SEOUL, South Korea (AP) — Park Geun-hye, daughter of a divisive military strongman from South Korea's authoritarian era, was elected the country's first female president Wednesday, a landmark win that could mean a new drive to start talks with rival North Korea.
After five years of high tension under unpopular incumbent Lee Myung-bak, Park has vowed to pursue engagement and send greater aid to North Korea, despite a widely condemned long-range rocket launch last week. Pyongyang's state media, however, has repeatedly questioned the sincerity of her North Korea policy since she and Lee are from the same conservative party.
Huge crowds lined up throughout the day, braving frigid weather to choose between Park and liberal candidate Moon Jae-in, the son of North Korean refugees. Both candidates steered away from Lee's policies, including, most strikingly, his hard-line stance on North Korea.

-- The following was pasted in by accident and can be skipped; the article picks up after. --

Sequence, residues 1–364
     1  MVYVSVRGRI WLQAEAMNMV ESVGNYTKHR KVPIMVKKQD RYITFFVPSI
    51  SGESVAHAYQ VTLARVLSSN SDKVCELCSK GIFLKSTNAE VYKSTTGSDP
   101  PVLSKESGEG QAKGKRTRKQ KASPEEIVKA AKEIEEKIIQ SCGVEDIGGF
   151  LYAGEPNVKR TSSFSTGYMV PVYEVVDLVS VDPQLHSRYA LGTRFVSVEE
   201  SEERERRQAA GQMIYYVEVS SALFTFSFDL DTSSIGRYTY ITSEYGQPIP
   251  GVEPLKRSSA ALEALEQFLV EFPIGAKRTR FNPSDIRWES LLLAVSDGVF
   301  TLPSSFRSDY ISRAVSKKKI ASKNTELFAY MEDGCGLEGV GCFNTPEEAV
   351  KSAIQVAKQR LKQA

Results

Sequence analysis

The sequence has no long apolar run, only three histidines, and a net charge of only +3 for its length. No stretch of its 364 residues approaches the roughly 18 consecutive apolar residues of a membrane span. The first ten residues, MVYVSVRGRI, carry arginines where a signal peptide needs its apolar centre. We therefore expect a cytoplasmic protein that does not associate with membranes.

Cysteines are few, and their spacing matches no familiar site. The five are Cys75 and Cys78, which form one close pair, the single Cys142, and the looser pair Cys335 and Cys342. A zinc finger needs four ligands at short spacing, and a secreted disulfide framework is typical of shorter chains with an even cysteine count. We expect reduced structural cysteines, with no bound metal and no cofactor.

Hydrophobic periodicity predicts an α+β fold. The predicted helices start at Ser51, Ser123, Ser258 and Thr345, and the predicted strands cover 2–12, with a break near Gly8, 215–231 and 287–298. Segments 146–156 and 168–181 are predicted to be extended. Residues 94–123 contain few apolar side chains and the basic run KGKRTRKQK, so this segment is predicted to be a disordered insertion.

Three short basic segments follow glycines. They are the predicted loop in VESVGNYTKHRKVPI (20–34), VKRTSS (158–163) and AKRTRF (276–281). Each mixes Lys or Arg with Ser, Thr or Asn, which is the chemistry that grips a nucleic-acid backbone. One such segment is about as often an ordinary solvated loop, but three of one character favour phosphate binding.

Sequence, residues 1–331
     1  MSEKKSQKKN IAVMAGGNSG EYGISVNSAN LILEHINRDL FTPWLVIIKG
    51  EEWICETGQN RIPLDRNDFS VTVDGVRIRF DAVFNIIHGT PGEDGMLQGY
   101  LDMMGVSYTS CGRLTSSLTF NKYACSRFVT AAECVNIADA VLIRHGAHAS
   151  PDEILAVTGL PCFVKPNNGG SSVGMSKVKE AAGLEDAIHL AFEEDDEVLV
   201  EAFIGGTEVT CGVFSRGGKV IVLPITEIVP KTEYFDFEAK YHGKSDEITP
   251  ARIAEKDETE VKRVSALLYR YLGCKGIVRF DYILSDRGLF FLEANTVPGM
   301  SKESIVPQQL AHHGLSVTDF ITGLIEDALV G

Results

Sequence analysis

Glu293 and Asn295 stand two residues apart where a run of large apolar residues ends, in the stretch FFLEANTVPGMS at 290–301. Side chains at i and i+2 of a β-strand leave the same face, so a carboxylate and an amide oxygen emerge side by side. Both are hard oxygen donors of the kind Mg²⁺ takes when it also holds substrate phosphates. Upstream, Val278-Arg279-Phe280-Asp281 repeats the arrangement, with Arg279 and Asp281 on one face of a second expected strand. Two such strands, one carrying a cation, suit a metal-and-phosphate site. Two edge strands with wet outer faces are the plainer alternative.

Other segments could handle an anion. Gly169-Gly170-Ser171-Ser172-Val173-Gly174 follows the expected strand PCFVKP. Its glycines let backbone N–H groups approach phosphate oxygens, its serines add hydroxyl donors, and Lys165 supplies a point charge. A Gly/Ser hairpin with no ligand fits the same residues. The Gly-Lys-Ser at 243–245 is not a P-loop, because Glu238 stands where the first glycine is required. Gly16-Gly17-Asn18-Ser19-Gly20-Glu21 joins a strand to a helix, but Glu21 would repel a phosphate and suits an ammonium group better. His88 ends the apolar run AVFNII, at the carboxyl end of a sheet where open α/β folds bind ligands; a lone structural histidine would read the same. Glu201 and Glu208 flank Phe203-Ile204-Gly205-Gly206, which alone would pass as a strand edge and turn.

Turnout was the highest in 15 years, and some analysts thought that might lift Moon, who is more popular with younger voters. Despite moving to the center, however, Park was carried by her conservative base of mainly older voters who remember with fondness what they see as the firm economic and security guidance of her father, the late President Park Chung-hee, who ruled South Korea as dictator for 18 years until his intelligence chief killed him during a drinking party in 1979.
Ties between the Koreas plummeted during Lee's term. Many voters link Lee's tough North Korea policy to nuclear and missile tests — including a rocket launch last week by Pyongyang that outsiders call a cover for a banned long-range missile test. Some also say ragged North-South relations led to two attacks blamed on Pyongyang that killed 50 South Koreans in 2010.
North Korea forced itself as an issue in the closing days of campaigning with the rocket launch, although many voters said they cared more about economic worries.